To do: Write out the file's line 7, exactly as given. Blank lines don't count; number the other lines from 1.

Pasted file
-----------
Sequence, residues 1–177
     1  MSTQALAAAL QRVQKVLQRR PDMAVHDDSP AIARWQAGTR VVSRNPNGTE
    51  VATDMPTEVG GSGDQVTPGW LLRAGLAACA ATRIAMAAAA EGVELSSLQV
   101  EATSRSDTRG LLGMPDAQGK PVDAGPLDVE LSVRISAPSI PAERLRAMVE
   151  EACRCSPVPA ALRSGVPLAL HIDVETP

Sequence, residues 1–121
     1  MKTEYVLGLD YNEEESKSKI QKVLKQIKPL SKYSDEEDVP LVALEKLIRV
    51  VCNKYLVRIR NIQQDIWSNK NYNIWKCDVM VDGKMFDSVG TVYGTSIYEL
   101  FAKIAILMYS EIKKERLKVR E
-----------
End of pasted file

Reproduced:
     1  MKTEYVLGLD YNEEESKSKI QKVLKQIKPL SKYSDEEDVP LVALEKLIRV